Hurricane Swifts

Yeah, I’ve been slacking with this blog.  But thanks to Jochen, I’ve decided to pick it back up again.  Mostly, I’ve just been affected by the summer time doldrums.

I’ve also been looking for an odd ball topic to sort of research and write about.  Well I think I’ve finally found one.  One of my favorite sites to look at is the Irish Rare Birds Committee.  As I was reading the 2005 report, I saw an interesting little side note about Chimney Swift.

Chimney Swift is actually a relatively new species to the Emerald Isle (Did you know the National Color of Ireland is BLUE?) , the first seven(!) records come from October 23-25, 1999.

Since Swifts spend the majority of their life in the air, it makes sense that they would be affected by violent weather, much like terns and other pelagic species which often turn up far from home following storms.  I went to the National Hurricane Center website (www.nhc.noaa.gov) and look up the 1999 Hurricane Season.  From there I discovered this first wave of Chimney Swift records was caused by Hurricane Irene, which was around between the 13th and 19th of October, 1999.  The Storm formed east of the Leeward Islands, before passing near Jamaica, then across Cuba, Southern Florida, before parallelling the Eastern North American Seaboard, before accelerating and becoming extra-tropical (a normal mid latitude cyclone) Northeast of Nova Scotia, Canada.  The remnants of this system would have passed over Ireland a couple of days later, and as the system slowly weakened it no doubt deposited these birds along the south coast of Ireland.  All total, 7 individual Swifts were recorded, marking the 1st 7 records for Ireland.  In addition to the Swifts, while birders were actively looking for Swifts a lone Common Nighthawk appeared at one of the locations, landed on a fence post, allowed excellent views by many observers before flying off, never to be seen again.  This marked the 1st record for Common Nighthawk in Ireland, two 1st records in one weekend, amazing!

History would repeat itself in 2005, this time to a much more dramatic effect in some areas.  The 1st sighting of Chimney Swift in Ireland occurred on October 29, 2005, much like the 1999 sightings, these sightings were likely tied to the remnants of a Tropical Cyclone, in this case Hurricane Wilma, which lost ttropical characteristics on October 25, but remained a powerful cyclone as it slammed into western Europe.  Several more Swift sightings occurred all along the southwestern coasts, from Kerry through Cork to Wexford.  Swifts were seen until November 9, 2005, but whether these are the same individuals seen earlier or perhaps wanderers from other areas of Europe in unclear.  During the 2005 event, several European countries in addition to Ireland recorded Chimney Swift, including the 1st ever record in France.  On the Azore Islands, west of Portugal, a whopping 112 Chimney Swifts were recorded! (IRBC 2005).  In fact the Azore Islands were bombarded with North American migrants, giving European birders the same thrill as American Birders get being on the Aleutian Islands or Attu in Alaska.  For a full account of the Azore excitement, check this site out http://www.birdwatch.co.uk/website/content/view/331/104/ .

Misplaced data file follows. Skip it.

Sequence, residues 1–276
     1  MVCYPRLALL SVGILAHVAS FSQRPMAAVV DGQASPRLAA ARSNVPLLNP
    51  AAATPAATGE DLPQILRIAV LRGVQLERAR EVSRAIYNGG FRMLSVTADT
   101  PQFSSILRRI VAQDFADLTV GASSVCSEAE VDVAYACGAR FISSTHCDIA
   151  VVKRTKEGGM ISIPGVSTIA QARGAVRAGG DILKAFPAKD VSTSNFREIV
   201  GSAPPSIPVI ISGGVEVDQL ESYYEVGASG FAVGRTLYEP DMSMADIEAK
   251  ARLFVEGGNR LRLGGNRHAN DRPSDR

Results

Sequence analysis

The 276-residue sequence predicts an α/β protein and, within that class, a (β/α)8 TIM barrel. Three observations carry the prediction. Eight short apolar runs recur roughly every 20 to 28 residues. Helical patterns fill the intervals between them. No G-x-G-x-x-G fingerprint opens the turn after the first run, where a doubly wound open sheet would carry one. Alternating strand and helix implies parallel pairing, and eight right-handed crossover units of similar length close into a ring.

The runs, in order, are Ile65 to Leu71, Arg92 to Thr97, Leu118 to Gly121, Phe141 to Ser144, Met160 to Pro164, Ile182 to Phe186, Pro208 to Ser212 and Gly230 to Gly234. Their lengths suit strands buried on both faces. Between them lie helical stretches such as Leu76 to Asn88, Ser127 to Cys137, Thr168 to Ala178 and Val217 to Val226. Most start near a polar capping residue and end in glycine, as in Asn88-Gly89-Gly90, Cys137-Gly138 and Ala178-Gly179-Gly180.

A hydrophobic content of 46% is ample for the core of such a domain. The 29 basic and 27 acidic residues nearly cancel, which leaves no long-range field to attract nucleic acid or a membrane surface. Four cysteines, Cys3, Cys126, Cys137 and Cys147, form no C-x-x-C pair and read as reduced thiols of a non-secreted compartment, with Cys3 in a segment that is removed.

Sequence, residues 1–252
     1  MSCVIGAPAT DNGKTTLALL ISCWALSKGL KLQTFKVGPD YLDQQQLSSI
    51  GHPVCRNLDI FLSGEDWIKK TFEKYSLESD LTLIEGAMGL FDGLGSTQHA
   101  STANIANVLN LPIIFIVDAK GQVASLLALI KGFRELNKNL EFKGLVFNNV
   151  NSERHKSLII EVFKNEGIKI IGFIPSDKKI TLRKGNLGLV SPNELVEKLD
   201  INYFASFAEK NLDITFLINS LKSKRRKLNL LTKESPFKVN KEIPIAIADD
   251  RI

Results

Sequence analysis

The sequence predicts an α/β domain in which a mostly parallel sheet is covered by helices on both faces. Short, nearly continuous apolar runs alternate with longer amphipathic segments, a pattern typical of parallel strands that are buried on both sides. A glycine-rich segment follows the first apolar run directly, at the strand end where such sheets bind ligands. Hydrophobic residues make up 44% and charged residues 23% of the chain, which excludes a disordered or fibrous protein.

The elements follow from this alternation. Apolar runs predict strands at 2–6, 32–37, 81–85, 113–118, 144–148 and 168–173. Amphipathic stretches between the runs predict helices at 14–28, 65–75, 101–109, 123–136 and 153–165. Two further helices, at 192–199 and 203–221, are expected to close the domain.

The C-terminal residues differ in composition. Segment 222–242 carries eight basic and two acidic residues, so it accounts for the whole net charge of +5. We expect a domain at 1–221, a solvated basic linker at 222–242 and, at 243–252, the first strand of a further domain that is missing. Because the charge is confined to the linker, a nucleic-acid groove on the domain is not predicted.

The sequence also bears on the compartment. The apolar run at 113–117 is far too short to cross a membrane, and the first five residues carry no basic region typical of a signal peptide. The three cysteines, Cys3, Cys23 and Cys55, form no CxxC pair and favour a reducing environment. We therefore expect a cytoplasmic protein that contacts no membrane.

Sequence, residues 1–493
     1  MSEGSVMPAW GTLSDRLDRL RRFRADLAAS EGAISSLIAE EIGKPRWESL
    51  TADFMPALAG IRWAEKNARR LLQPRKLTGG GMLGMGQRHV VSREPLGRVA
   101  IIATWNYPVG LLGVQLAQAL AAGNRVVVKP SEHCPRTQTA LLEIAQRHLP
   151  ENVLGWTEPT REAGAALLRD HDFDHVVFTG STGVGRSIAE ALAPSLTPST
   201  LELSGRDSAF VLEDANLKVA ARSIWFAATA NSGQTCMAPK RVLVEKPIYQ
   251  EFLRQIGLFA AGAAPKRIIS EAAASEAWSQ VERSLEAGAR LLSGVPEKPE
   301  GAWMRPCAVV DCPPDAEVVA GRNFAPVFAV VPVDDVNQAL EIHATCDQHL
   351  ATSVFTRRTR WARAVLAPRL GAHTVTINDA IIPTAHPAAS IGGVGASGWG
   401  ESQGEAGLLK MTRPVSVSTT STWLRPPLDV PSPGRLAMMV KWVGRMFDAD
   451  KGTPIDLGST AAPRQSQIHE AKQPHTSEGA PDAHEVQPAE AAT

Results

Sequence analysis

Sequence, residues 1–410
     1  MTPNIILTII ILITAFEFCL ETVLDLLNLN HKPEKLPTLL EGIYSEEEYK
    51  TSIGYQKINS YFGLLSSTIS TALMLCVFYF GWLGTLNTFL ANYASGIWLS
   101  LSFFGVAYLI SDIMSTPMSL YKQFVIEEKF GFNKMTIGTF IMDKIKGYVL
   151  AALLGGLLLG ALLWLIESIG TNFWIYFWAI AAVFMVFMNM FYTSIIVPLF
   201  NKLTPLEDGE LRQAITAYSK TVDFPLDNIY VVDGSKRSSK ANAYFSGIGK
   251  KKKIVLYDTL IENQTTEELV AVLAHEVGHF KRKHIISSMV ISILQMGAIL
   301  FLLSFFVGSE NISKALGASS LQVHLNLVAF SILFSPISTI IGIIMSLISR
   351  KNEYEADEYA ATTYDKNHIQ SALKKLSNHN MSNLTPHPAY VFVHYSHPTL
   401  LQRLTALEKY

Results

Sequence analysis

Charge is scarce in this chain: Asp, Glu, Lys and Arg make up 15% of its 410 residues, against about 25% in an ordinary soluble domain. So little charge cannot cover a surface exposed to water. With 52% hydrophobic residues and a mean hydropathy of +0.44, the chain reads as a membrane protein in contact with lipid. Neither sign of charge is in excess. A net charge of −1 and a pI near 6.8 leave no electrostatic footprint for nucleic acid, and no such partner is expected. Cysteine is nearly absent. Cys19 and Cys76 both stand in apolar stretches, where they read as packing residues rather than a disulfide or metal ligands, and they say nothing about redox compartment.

The 2005 Hurricane season was one of the busiest in history with 28 named storms, including a very rare December-January storm.  If you look at this map you can clearly see how many North American migrants were blown towards western Europe.  Other North American species recorded around the same time as the Swifts was Yellow-Rumped Warbler, Red-Eyed Vireo and Gray-cheeked Thrush.   In both events, who knows how many migrants perished at sea.  It would be interesting to see if Hurricanes that occur during peak fall migration periods have any direct effect the following year on species population.

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2 responses to “Hurricane Swifts

  1. What, BLUE?

    I was sure (as everyone else but the Irish I presume) that it was GREEN.

    Thanks for the interesting write-up on the phenomena that make fall birding in Europe so exciting, although very, very few North American species ever make it to Germany (they all make landfall as soon as possible, which is the UK, France, Spain and Portugal). Those that do turn up are almost always ducks or shorebirds.
    Here are two links to European birding sites that might be interesting to you come this year’d hurricane season:

    Azores:
    http://azores.seawatching.net/index.php?page=recent

    Spain:
    http://azores.seawatching.net/index.php?page=recent

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